Pickleball has grown greatly in popularity in Sumter since October of 2017, when the Shepherd's Center of Sumter and the Sumter County Recreation Department both sponsored regular games. Local enthusiasts searched for an indoor facility for their …
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HISTORY OF PICKLEBALL
Pickleball was invented in 1965 by Rep. Joel Pritchard of Washington state and his friend, businessman Bill Bell, to entertain their families. It was named for the Pritchards' dog Pickles, who kept running off with the ball. Pickleball is included in many states' senior Olympics. The USA Pickleball Association was organized in 1984, and the sport is now played in 43 states, four Canadian provinces and on many individual courts.
Pickleball has grown greatly in popularity in Sumter since October of 2017, when the Shepherd's Center of Sumter and the Sumter County Recreation Department both sponsored regular games. Local enthusiasts searched for an indoor facility for their games and now meet regularly at the University of South Carolina Sumter's Nettles Building gym.
"Spectators are invited to see what pickleball is all about," said Anita Kieslich, who plays and "oversees" the group. "If people want to play, they just show up while we're here, and we'll teach them how to play."
While there is no official league involved for the players who meet twice a week for some friendly competition, the group is hosting a tournament at the USC Sumter gym on Friday. The tournament is named for Dixie Daniels, who was instrumental in getting regular pickleball games established.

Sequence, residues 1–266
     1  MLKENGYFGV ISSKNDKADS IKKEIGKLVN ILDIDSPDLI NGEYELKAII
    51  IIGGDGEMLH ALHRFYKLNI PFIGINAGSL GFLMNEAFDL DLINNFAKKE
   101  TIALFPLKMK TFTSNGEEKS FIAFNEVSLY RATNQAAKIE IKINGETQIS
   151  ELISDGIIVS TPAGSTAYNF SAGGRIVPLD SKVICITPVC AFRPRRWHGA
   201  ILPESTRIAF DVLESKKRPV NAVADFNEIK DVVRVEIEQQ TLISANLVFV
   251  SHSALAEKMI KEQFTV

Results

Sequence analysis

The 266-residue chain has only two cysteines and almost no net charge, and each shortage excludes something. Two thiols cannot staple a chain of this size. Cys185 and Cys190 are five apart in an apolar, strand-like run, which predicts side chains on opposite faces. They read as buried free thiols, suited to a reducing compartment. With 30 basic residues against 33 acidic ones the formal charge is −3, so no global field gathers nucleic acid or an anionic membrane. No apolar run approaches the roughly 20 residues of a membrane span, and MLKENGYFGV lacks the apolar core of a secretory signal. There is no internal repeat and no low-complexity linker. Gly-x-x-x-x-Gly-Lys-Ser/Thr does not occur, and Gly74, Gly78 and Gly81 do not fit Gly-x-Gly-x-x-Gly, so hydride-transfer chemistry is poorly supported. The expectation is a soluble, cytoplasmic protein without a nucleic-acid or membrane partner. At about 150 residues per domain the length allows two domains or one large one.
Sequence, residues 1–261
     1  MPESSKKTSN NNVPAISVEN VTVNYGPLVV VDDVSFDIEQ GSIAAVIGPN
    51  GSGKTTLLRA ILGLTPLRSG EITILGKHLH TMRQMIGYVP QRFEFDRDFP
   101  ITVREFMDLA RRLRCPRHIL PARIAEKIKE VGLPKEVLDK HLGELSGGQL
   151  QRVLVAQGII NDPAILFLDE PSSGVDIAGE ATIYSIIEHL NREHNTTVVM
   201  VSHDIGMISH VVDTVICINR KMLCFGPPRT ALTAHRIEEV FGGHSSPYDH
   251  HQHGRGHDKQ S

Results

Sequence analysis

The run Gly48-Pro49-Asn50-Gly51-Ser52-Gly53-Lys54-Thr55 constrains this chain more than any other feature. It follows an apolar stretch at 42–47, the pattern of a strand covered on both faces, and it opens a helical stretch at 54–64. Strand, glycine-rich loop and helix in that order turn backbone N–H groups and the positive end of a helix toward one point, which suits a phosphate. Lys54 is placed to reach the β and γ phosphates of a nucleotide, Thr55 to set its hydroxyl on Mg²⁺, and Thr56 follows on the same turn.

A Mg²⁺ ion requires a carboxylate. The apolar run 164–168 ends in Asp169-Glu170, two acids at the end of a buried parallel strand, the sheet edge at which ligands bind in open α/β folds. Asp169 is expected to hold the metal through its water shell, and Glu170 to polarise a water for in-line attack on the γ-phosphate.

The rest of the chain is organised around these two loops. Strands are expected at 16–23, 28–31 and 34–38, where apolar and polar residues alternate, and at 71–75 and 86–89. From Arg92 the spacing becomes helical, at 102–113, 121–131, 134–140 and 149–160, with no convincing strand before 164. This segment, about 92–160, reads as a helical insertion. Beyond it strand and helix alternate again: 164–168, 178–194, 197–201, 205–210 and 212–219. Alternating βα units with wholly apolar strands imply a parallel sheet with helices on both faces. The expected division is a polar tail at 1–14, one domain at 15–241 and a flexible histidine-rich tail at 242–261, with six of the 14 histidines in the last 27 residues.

Kieslich said there are around 30 players expected to participate in the tournament.
"There are players as young as their 20s and others into their 70s," she said. "It's good, gentle exercise, especially for older people, but it can get very competitive."
All play together, and the teams are coed, Kieslich noted.
Players at last Tuesday's games quickly formed doubles teams and started playing. Bob Karel brought a special pickleball "coin" he'd made to decide which team goes first. He said the game can be "quite strenuous" and is good exercise, especially for the joints.
June Winters, who had hip replacement surgery, said pickleball had reduced her recovery time.
"I was playing just six weeks later," she said. She comes down to Sumter for four months each year, "then I go home to Minnesota and play five times a week."
Amber Purcell, one of the younger players, said her family recently visited from Wisconsin, "I introduced the game to them, and they now play five times a week" there.
The players arrive on Tuesdays, Thursdays and Fridays around 9 a.m. and set up the courts themselves. Each court is the size of a badminton court, 20 by 22 feet on either side of the center net, which is shorter and less wide than a tennis net. Other than the center net, equipment needed is a paddle and a ball. The paddle is larger than a ping pong paddle, and the ball is hard plastic, hollow and 3 inches in diameter. It has round holes and resembles a wiffle ball.
The rules for pickleball are similar to those for volleyball. Each doubles team selects a server, who serves until his or her team faults. To win a game, one side must score 11 points with at least a two-point advantage.
The public is invited to watch the Dixie Daniels Pickleball Tournament, presented in cooperation with the Shepherd's Center of Sumter, beginning at 9 a.m. Friday in the Nettles Building gym at the University of South Carolina, 200 Miller Road. For more information, call the Shepherd's Center at (803) 773-1944. Visit the website https://www.usapa.org for more about pickleball.
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